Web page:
How to think about exercise by Damon Young

I’m at a little cafe “Tiann’s” in Tiong Bahru doing my weekly marketing in the wet market.

I ordered two lattes, each costing $6.50 pricier than the delicious wanton noodles we had for breakfast. I’m going to nurse this latte.

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I want to know. How do you trick your brain into exercising?

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Look at this young overachiever at the recent car-free Sunday in the Central Business District.

Ready for Young’s suggestions?

1. Meditative Pace allows development of ideas

Charles Darwin’s strolls in Kent were important in development of ideas. The world’s greatest naturalist was a collector of stones. Not just a love of nature or departing from the maddening crowd. It’s “exercise in reflection – a kind of moving meditation”.

According to Young, exercise encourages innovation and problem-solving. He doesn’t refer you to these studies for you to digest and chew but presents ideas for consumption.

Walking (and jogging), rather than other forms of sports, is at a “more contemplative pace” and allows your senses to interplay with a tactile , vibrant world (as long as you’re not in a gym. But then you can read on your ipad or watch the news as I’m prone to do.)

This allows for a mood for creativity. If you’re walking on the streets of city life, try doing so without headphones, cautioned Young to prevent pedestrian deaths.

Loosen your mind and give it interesting things to contemplate in this state.

2. Vigorous sports promotes a sense of self

In recounting Homer’s Illiad and Odyssey, Young presents that in addition to toning muscles and increasing the heart’s efficency, exercise and competitions offers a firmer idea of “self” associated with bodily effort. Giving us someone to beat and offering us a comparison “self against others”.

Even if you’re an onlooker, we feel the pleasure in our success. (I guess for the team you’re rooting for. Is that the reason why so many people watch football? Not just for betting.)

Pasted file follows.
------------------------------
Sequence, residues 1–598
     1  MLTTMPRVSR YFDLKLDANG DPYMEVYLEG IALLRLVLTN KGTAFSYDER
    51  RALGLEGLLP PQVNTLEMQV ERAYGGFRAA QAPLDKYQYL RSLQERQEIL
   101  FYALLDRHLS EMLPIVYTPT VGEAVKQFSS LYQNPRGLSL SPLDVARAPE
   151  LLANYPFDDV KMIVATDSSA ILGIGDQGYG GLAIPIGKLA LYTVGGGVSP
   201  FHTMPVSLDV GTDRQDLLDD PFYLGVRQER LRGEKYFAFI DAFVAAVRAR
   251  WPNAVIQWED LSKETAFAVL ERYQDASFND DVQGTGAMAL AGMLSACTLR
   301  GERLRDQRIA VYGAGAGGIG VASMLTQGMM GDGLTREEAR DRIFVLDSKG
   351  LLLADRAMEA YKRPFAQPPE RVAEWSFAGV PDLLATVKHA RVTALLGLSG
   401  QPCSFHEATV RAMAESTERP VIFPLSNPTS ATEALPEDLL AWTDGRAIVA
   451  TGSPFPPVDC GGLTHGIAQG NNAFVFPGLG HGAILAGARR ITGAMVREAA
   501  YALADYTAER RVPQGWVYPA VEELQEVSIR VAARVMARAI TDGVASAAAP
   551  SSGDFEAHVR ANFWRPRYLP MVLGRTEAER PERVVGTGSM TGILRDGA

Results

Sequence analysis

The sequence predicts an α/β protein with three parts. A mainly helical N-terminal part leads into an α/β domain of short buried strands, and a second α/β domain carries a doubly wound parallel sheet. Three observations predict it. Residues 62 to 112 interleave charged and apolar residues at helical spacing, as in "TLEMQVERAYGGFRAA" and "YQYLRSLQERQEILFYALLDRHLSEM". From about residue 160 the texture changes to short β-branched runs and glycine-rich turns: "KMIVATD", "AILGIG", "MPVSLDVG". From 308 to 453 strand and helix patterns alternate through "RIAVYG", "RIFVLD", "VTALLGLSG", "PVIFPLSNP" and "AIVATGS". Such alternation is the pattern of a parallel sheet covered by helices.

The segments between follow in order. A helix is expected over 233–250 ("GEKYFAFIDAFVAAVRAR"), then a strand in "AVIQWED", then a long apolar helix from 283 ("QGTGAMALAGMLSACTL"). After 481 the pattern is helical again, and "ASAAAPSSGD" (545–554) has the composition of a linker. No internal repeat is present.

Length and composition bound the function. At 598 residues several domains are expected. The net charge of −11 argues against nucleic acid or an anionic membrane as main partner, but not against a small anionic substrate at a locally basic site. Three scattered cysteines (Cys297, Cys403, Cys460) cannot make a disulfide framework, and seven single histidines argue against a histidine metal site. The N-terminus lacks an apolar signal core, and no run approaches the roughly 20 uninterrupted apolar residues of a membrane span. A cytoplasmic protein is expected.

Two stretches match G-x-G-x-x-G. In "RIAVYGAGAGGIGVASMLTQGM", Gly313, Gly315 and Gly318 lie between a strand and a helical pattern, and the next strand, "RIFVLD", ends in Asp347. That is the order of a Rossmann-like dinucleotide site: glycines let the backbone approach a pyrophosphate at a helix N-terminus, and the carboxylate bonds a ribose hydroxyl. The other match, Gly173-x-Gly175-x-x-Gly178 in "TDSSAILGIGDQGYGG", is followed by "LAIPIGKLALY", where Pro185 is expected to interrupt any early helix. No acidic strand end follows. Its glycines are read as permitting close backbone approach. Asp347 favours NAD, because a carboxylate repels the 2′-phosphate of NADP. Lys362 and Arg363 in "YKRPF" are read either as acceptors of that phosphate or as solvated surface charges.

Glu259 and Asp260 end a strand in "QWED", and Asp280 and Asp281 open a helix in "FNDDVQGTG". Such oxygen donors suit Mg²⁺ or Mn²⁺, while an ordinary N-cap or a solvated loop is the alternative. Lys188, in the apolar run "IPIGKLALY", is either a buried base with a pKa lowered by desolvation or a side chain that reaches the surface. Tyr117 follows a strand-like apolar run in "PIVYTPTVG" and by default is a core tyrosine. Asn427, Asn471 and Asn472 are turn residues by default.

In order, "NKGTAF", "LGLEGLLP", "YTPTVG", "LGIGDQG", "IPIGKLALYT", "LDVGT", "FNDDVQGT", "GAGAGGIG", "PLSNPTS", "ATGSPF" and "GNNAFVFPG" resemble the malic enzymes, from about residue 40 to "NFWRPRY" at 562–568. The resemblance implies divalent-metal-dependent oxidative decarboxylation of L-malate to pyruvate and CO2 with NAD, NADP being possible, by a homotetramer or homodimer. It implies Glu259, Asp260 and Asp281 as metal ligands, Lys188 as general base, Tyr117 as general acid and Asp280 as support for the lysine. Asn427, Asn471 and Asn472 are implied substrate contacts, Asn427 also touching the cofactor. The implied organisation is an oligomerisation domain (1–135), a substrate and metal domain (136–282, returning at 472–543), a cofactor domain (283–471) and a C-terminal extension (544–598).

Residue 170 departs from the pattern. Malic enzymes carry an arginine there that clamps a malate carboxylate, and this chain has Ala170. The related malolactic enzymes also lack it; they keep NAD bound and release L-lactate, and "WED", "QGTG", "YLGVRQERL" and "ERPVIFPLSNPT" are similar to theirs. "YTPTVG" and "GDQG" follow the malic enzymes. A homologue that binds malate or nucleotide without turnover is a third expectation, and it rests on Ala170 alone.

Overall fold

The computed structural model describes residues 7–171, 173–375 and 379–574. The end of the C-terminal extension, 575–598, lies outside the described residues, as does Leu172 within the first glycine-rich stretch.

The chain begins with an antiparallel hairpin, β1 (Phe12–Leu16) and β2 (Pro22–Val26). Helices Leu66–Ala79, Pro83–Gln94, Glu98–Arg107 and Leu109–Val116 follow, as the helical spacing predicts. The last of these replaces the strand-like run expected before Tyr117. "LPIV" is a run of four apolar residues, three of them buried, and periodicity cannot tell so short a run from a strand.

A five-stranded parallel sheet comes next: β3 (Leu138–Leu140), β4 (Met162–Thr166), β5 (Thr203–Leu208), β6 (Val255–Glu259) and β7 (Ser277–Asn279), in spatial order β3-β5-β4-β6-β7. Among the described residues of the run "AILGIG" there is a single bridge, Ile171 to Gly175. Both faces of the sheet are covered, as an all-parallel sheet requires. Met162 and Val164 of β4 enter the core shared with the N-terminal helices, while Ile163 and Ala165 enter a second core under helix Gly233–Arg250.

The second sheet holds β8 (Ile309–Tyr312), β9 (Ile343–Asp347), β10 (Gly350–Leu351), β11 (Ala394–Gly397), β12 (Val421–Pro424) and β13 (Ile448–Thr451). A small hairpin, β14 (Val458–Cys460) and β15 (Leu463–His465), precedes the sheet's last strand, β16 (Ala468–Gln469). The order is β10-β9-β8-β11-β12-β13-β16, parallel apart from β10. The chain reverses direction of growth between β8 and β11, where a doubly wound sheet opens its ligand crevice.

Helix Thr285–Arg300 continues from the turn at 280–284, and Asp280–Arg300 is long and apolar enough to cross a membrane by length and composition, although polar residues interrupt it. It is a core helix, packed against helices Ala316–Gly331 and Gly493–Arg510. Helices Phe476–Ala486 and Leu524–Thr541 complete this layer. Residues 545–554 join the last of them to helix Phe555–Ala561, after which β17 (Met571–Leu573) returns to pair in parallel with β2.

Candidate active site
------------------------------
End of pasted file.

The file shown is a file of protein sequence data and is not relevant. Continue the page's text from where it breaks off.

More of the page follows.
Unlike Greek gods, we humans have a short life span. “The gods may feel no sorrow, but as should be accounted happy and worthy of song if boldness and power have gained him the greatest prize for the might of hand and foot.”

Pride in exercise. Not just fitness but a keen sense of our responsibility. We cannot wait for God to give us our souls – the self is something we must continually and consciously create.

(Forget for a moment that the existentialist author Albert Camus comited suicide). Recounted by Young, Camus once argued that Sisyphus rolling up the boulder to the hill for eternity, was happy because it was his rock. His duty and his task. Only we are the rock. Maybe so. I’ll leave youto nurse your latte over that one.

3. Transforming agony into art. Think “ballet”. Young cites martial arts and ballet that these art forms change the meaning of pain. As the meaning changes, so does the pain itself. For Descartes, the body is basically a machine. It’s not fused with the mind but made of a separate substance.

Pain is purely a mechanical process of stimulation and transmission. The brain’s job as a thinking substance is simply to receive it.

There are 9 other ideas captured in the book. My latte is finished. I encourage you to finish the book and tell me the rest.

I checked out Damon Young’s blog post. He is a philosopher and has written a book on gardening and philosophy. Can’t wait to check it out.
http://damon-young.blogspot.sg/p/philosophy-in-garden-why-did-marcel.html?m=1

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